Source: The Orthodox Church in America
Not long ago, I ran across a copy of my granddaughter Nadia’s edition of “How the Grinch Stole Christmas”—a book that she had thoroughly enjoyed when she was younger. That brought back memories of having read the Dr. Seuss classic and having watched the TV version in my own childhood. And this further gave rise to some fantasizing on my part—perhaps, I thought, it would have been a good thing if the Grinch actually did steal “Christmas!” (Apparently, I too have my “dark side” on occasion!) However, the “Christmas” to which I refer here the commercial pageant of excessive consumerism and endless activity that leaves one on the brink of total exhaustion by December 25. If the Grinch had stolen that Christmas, then perhaps the Nativity of Christ could become more central — even to Christians! In my fantasizing, I created an ideal world with an ideal celebration of the Nativity of Christ. Here is what I envisioned, at least for Orthodox Christians:
- We would actually be able to participate in more of the liturgical services - other than on Sundays - during the 40-day Nativity Fast, instead of playing bumper cars in mall parking lots and spending hours inside the mall listening to drearily piped in “holiday season” music while endlessly shopping and spending money (or running up the credit card balances). Add to this the more recent phenomenon known as on-line shopping. Then, we could take home something of the peace and prayerfulness of the Church. The music that would fill our minds would be the sacred hymnography of the liturgical services that invites us to the mystery of the Incarnation. In short, the Church, and not the mall, would be the focus of our seasonal endeavors.
- We would be freed from the consumerism that “obliges” everyone to shop and spend an extraordinary amount of money on a pile of gifts. This would free our minds and hearts to think of the poor and needy, who could become more of our focus of attention and the recipients of our generosity in the spirit of the real Saint Nicholas—and ultimately, in the spirit of the Gospel. We would then only have to worry about “offending” God for forgetting to provide gifts for His neediest children, and not only our family members, friends and co-workers.
- We would make a point of coming to Confession before the Feast in a timely fashion, rather than desperately trying to “squeeze” an extra 15 minutes into those over-extended “pocket planners” already filled with a myriad of “winter activities/vacations,” social commitments and the like. This would also allow for greater time for self-examination in order to confess those sins while enjoying the gifts of repentance and compunction.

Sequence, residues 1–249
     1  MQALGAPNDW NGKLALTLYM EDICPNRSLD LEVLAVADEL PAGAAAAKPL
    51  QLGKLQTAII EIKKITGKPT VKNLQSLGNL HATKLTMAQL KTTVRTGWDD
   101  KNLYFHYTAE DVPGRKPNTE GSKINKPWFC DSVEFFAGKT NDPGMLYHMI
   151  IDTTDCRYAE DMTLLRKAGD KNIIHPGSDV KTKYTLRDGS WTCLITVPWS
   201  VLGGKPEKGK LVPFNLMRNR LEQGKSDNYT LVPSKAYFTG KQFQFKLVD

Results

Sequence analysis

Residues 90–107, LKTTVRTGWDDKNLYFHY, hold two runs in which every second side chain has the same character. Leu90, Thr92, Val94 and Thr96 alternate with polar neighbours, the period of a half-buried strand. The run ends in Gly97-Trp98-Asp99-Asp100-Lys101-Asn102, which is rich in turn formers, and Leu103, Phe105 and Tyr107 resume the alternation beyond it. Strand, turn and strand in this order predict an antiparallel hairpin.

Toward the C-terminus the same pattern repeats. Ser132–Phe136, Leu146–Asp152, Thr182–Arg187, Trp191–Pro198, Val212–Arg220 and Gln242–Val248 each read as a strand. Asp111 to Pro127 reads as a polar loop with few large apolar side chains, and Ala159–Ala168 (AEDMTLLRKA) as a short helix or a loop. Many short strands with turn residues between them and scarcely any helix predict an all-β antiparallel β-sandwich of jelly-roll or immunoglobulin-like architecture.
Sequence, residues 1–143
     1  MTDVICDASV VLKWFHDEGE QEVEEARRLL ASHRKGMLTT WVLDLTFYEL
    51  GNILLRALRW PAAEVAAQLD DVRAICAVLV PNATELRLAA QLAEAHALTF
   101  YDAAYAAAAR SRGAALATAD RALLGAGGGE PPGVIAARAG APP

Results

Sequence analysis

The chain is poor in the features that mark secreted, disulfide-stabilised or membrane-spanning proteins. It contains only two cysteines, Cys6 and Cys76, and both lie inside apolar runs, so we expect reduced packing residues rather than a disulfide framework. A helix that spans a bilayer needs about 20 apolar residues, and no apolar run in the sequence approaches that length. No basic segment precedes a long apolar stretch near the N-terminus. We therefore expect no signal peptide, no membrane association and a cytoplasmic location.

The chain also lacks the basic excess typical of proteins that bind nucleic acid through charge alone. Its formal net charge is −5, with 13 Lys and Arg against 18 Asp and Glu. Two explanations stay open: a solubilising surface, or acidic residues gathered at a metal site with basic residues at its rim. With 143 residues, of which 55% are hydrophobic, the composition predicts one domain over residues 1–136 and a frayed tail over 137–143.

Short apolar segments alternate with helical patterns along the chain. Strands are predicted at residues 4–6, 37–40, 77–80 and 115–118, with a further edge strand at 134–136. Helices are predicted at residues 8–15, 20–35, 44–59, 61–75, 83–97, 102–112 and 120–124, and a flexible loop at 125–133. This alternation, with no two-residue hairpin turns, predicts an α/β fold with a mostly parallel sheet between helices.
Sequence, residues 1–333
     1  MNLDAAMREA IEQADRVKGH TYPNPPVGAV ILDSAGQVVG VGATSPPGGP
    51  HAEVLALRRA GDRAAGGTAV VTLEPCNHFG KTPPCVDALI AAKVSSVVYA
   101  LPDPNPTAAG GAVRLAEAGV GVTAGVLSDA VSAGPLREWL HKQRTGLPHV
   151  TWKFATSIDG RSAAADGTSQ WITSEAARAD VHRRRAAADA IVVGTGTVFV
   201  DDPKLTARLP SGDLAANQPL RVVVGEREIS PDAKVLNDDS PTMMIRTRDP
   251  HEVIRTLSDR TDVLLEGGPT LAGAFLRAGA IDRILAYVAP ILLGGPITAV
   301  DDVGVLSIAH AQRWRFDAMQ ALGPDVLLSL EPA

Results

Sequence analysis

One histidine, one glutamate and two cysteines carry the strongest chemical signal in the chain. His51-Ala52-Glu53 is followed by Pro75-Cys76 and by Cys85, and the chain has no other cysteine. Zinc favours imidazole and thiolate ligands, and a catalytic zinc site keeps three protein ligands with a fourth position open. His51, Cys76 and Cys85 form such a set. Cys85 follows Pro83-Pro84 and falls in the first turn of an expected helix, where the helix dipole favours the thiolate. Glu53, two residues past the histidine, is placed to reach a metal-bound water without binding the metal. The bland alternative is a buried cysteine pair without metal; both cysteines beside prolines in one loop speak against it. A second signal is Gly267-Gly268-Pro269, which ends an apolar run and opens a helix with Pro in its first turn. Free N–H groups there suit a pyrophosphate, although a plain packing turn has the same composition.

- We would be able to concentrate more time reading and contemplating the Holy Scriptures or a good book that leads us deeper into the mystery of the “Orthodox Way” that is centered on the Incarnate Christ. We would be able to come to the church for any educational/catechetical programs scheduled during this same time, so as to communally penetrate that same mystery in a spirit of intense interest in Christ and fellowship as a group.
- Basically, we would be free of the temptation to marginalize the Nativity of Christ because of the demands of the secularized “Christmas” that devours our time and energy and resources. This would us to practice “stewardship of time, talents and treasure” in a Christ-directed manner consistent with the Gospel.
Perhaps Dr. Seuss was onto something in realizing that the Grinch just may represent the “dark side” of our personalities. But again—and I may be pushing it—perhaps the Grinch could represent our conscience that tells us that our focus and attention during Christmas is not quite “on target,” that we need to eliminate some of the “distractions” of life that are superficially attractive, but which somehow prevent us from discovering the very “thing” that would truly bring us everlasting contentment. Of course, we want our children to enjoy themselves at Christmas, as we did as children. We would not want it to be “always winter, but never Christmas,” as C. S. Lewis described Narnia when still under the control of the bad witch. So, in the end, the Grinch—like Ebeneezer Scrooge before him —was “converted” and discovered his “good side.” Our conversion could entail a turning back to Christ so as to satisfy the deepest longings our minds and hearts. Perhaps this could happen if we were less concerned with conforming ourselves to the world and more concerned with conforming ourselves to Christ.